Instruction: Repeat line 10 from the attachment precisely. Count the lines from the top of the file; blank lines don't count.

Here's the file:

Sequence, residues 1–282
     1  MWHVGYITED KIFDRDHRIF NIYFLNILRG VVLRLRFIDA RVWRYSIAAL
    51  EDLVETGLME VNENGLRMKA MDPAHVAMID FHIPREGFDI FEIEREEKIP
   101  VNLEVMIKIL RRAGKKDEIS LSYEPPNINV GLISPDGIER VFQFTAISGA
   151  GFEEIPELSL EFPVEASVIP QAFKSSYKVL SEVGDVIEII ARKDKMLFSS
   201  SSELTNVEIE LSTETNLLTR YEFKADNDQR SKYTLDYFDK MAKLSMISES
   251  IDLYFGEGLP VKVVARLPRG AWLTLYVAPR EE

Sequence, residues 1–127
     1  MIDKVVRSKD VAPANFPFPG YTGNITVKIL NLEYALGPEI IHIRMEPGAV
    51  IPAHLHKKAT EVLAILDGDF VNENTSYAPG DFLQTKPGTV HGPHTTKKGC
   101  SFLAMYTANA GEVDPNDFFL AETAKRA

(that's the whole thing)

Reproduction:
    51  IPAHLHKKAT EVLAILDGDF VNENTSYAPG DFLQTKPGTV HGPHTTKKGC